Pilk’s Points: Safety First!

If you head out for a run after dark, always take some safety precautions. Photo: www.shutterstock.com

Running at night poses more safety risks than doing so in the daylight hours.

The kids are heading back to school, work hours seem to start earlier and drone on later, and your morning run is becoming a distant dream instead of a euphoric memory. With jam-packed schedules and five meetings per day, it’s hard to roll out of bed extra early to crank out a few miles before the daily grind. So what’s left for those of us that suffer from runner withdrawals?

The quiet, decompressing, much-needed joy of a post-work run. But before you reach for your trainers, make sure you play it safe, especially if you’re flying solo. Especially for us ladies, safety is just as necessary as a good sports bra. Here are some easy ways to ease the nerves of both you and your worrisome roomie when you step out after hours:

Carry Identification

Many identity accessories can be customized to include whatever info you feel is important — name, phone number, a parent’s phone number, school, hometown, favorite color, etc. Looking to stay safe and save some cash? Run with your driver’s license — shorts have those mini pockets for a reason!

Wear One Headphone

Many runners love to jam to favorite tunes while logging some evening miles. Be aware of your surroundings and leave one ear free while cranking up the sound. The other ear will come in handy when your neighbor’s annoying dog comes chomping after you and you need to make a quick escape.

RELATED: 5 Trail Running Safety Tips For Women

Run Against Traffic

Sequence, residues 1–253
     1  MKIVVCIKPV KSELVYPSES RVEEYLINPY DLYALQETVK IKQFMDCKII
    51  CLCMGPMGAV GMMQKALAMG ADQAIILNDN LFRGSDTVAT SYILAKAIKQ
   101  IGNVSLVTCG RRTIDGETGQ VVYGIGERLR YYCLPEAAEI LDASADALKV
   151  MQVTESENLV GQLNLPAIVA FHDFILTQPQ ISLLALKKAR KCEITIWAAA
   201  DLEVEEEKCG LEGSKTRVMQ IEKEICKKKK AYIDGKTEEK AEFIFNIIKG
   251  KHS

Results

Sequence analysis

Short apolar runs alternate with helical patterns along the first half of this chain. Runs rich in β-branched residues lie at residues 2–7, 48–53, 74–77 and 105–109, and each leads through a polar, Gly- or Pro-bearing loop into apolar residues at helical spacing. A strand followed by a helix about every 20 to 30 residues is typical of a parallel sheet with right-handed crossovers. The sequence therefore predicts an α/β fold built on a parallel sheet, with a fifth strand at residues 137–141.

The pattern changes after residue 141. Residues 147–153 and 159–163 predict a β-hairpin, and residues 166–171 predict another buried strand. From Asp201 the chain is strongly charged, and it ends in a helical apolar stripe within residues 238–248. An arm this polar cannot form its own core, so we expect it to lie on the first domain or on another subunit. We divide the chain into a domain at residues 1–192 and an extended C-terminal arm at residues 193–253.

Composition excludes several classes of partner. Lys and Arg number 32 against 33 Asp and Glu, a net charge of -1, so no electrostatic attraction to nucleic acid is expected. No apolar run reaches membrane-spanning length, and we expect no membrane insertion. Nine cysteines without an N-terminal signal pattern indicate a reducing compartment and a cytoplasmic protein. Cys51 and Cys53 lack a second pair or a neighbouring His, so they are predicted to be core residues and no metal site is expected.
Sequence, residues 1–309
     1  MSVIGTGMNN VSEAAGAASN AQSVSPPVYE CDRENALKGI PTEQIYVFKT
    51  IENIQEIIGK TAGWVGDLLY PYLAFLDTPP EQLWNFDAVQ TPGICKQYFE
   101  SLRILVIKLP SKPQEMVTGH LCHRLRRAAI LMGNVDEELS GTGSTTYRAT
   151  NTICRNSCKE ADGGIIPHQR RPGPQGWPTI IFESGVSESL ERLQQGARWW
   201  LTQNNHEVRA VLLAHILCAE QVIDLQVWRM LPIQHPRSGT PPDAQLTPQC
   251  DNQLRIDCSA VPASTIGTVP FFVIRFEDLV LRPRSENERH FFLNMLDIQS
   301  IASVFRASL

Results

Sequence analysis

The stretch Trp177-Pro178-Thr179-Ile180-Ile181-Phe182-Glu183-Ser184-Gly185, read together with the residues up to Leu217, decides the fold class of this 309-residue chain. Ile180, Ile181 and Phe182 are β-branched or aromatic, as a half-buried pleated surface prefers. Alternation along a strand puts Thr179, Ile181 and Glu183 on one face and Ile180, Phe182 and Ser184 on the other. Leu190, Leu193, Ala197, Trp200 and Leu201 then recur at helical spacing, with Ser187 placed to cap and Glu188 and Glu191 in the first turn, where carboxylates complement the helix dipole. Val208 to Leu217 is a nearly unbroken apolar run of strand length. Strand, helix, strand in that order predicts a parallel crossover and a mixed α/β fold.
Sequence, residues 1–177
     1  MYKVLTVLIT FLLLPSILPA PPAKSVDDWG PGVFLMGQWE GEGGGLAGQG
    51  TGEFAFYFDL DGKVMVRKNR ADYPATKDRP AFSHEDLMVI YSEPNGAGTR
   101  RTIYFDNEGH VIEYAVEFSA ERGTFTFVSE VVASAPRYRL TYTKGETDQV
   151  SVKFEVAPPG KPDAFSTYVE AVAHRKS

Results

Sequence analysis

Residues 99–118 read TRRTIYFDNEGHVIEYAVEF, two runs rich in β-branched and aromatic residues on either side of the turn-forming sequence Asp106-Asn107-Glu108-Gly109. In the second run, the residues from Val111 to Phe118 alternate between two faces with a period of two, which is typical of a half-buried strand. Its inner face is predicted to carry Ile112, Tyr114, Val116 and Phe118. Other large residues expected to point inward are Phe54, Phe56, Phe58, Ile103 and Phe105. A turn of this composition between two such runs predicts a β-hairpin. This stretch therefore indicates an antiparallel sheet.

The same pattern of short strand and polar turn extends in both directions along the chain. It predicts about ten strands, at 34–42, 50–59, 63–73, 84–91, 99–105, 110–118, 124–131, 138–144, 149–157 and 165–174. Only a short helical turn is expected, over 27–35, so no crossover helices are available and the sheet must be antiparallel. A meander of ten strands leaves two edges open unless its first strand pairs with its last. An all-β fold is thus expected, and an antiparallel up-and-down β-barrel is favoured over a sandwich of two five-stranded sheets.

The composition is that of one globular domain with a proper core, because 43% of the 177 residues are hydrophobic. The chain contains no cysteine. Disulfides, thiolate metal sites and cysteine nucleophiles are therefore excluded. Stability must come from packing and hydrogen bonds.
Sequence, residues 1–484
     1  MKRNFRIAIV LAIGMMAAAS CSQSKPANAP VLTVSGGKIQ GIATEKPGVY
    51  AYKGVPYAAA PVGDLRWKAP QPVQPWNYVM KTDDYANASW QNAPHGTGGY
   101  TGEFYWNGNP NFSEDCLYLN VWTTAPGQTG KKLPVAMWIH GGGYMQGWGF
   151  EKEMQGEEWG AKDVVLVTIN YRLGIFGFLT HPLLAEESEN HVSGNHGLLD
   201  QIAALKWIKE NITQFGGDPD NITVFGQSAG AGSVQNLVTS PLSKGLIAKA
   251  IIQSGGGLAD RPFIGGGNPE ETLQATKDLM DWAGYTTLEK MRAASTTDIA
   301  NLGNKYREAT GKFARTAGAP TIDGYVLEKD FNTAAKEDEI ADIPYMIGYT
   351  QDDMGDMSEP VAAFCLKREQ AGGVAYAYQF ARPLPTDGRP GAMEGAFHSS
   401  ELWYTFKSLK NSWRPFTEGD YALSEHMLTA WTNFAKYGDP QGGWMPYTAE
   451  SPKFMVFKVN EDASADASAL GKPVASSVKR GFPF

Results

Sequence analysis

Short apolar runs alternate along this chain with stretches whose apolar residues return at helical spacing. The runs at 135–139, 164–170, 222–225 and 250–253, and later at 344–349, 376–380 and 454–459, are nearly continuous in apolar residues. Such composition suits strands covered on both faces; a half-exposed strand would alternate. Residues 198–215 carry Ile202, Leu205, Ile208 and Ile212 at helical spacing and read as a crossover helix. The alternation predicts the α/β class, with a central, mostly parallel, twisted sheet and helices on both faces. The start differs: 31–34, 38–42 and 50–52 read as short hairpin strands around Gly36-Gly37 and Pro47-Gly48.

Often drivers are on their cell phones (er, I mean …) and are not paying attention to activity around them. Running against traffic lets you see cars before drivers see you. If you’ve mastered the art of tuck and roll, you’re in the perfect position to gracefully dive out of the way if needed.

Be Bright

Now is a perfect time to dig up those obnoxiously bright socks or that hideous neon shirt you promised you’d never wear around your best friend. Headlamps are also an extremely useful — they stay in place, and they light up your path to minimize tripping issues. Throw in some cool reflective gear or trending blinkies, and you’re a moving traffic cone.

Stretch Under Light

If you’re a warm-up-and-stretch type of person, don’t stop in that awkward pitch-black park to perform the mid-run ritual. Find a streetlight or populated area to loosen up those muscles. It’s always good to force eye contact with passerby action — it’s like saying, “Nice try. I see you.”

Carry Your Phone

If I’m flying solo, I never step out after dark without my phone. Since phones can call, text, map, Facebook, and basically function as a human, you will never be stranded or disconnected from the world. It’s like a handheld run bud. Just don’t forget to charge it after work.

RELATED: More Safety Tips For Running In The Dark

Explore New Routes … Ahead Of Time

Never try a new route at night. Instead, source out an alternative ahead of time so you’re familiar with the ins and outs and potholes before turning nocturnal. It’s much harder for creepazoids to keep tabs on you if you shake up your schedule and location every week.

Tell Someone Where You’re At

It’s always good when your mother knows where you’re headed for the next hour.

Have another safety tip I didn’t include? Tweet @caitpilk and enlighten me!

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